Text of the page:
Edited by FaustianBargain (log)

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I've said before that if I had to choose between living as a duck faised for foie gras or living as a Tyson chicken, I'd choose to be the duck in a heartbeat.  Does this mean that some of the foie gras criticisms don't have merit?  Of course not.  But it does say to me that many of the anri foie crusaders have their priorities mixed up.  You want to crusade to improve the lives of animals raised for slaughter and consumption?  good for you.  Where do you think you'll affect the greater number of animal lives -- working against foie gras production or working for better conditions in chicken factory farms?  I'd say it's around one million to one in favor of the latter, if not more.

It's easier to win your battles if you start small instead of going for the big picture. It's no different with the anti-foie forces. By going for a relatively small number of producers and using the power of the pocketbook as a wedge issue, the anti-foie groups see themselves as effectively positioned for the long-term.

The fact that there's a debate going on right now amongst restauranteurs and the dining public is a victory for the anti-foie groups. If the legislative bills in Illinois and elsewhere don't pass, it still won't matter. What does matter is that the court of public opinion has been engaged. The legislative hocus pocus is just gravy as far as these people are concerned.

Soba

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Alright, semantics aside, I was attempting to relate the ability of raising big healthy, over-fattened ducks and geese in a humane way, such as voluntary feeding. And yeah, take away my keyboard, I wrote fois for foie ; so sue me. All the folks who've never raised animals, but "KNOW" how they should be brought up need to go live on a real working farm for a month. I dare ya.

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If we accept that her German Stepgrandpa could do it humanely, then it is possible for anyone to do it humanely.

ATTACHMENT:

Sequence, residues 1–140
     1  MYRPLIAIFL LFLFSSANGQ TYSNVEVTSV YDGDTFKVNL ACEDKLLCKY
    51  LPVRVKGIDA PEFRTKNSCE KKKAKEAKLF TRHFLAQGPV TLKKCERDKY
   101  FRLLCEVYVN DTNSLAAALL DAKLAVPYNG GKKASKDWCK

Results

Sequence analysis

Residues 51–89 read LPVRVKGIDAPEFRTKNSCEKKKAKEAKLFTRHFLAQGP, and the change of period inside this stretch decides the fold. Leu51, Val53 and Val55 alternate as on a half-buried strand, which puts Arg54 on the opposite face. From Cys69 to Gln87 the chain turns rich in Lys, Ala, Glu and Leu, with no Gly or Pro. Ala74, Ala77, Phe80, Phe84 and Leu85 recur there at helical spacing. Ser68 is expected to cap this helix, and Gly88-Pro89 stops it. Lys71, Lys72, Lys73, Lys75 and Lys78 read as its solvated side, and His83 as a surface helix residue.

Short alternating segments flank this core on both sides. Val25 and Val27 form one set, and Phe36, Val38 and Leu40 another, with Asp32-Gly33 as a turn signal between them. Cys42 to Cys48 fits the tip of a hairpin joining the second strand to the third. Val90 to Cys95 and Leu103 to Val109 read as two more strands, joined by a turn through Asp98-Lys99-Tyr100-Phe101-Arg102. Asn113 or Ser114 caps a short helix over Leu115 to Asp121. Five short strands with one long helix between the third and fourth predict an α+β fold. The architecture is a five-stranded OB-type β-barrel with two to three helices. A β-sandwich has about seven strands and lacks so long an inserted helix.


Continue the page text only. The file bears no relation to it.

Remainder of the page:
Her German Stepgrandpa does not represent everyone.

She also indicated that he raised ducks and geese. Even if we assume that they were raised for foie gras, I doubt if anyone these days are 'forcefeeding their ducks and geese with noodles cooked in butter in a feed gutter.

Also, I would question whether there was a need for intensive farming of ducks or even such a high demand for foie gras during her German Stepgrandpa's time.

If they are free range, they are not factory farmed. I dont think her Stepgrandpa ran a foie gras factory. (Did he, M?)

I'm not quite sure what you're saying but it sounds like you're saying that Mabelline's statement to the effect that it is possible to raise geese and ducks for foie gras humanely is true only with respect to the geese and ducks already raised by her German Stepgrandpa?  This doesn't make logical sense to me, but perhaps I am not interpreting your statement correctly.

I am saying that the conditions under which Mabelline's German Stepgrandpa raised his ducks and geese should be the same conditions under which ducks and geese raised for foie gras today if we are to believe that most foie gras that comes to our tables isn't the product of excessive, unnecessary and irresponsible cruelty to animals.

Just because something can be done doesnt mean that it is being done. Just because something was done in the past under different circumstances, in a different enviroment, time and culture doesnt mean that that behaviour is passed on unaltered. There is no room for such an assumption and it cannot be validly supported.

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Alright, semantics aside, I was attempting to relate the ability of raising big healthy, over-fattened ducks and geese in a humane way, such as voluntary feeding. And yeah, take away my keyboard, I wrote fois for foie ; so sue me.

Ok, we can clarify here.

Mabelline, did your German Stepgrandpa raise his ducks and geese for foie gras?

All the folks who've never raised animals, but "KNOW" how they should be brought up need to go live on a real working farm for a month. I dare ya.

I'd take that offer.

What do you think will change a person who has a stance against factory farming if he/she goes to live in a real working farm for a month? Explain this to me, please. Do you think that anti-animal cruelty folks will enter a "real working farm" and start campaigning for cruelty towards animals? Or pro-factory farmed foie gras, in this case.

P.S. I am sorry if I gave you the impression that I was mocking your spelling. God knows, I am fluent in typo.

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Based on my reading, admittedly of other people's experiences but at least of those I respect, I don't find that gavage is inherently cruel. If there are conditions at duck farms that are unnecessarily cruel they might offer reasons to eliminate these conditions. I've read no evidence, that beyone the controversial practice of gavage there is any practice that is not equally or more unsavory happening at any number of chicken factories, yet we are faced not with a campaign to improve the conditions under which all poultry are raised, but a campaign to outlaw foie gras no matter how it's raised.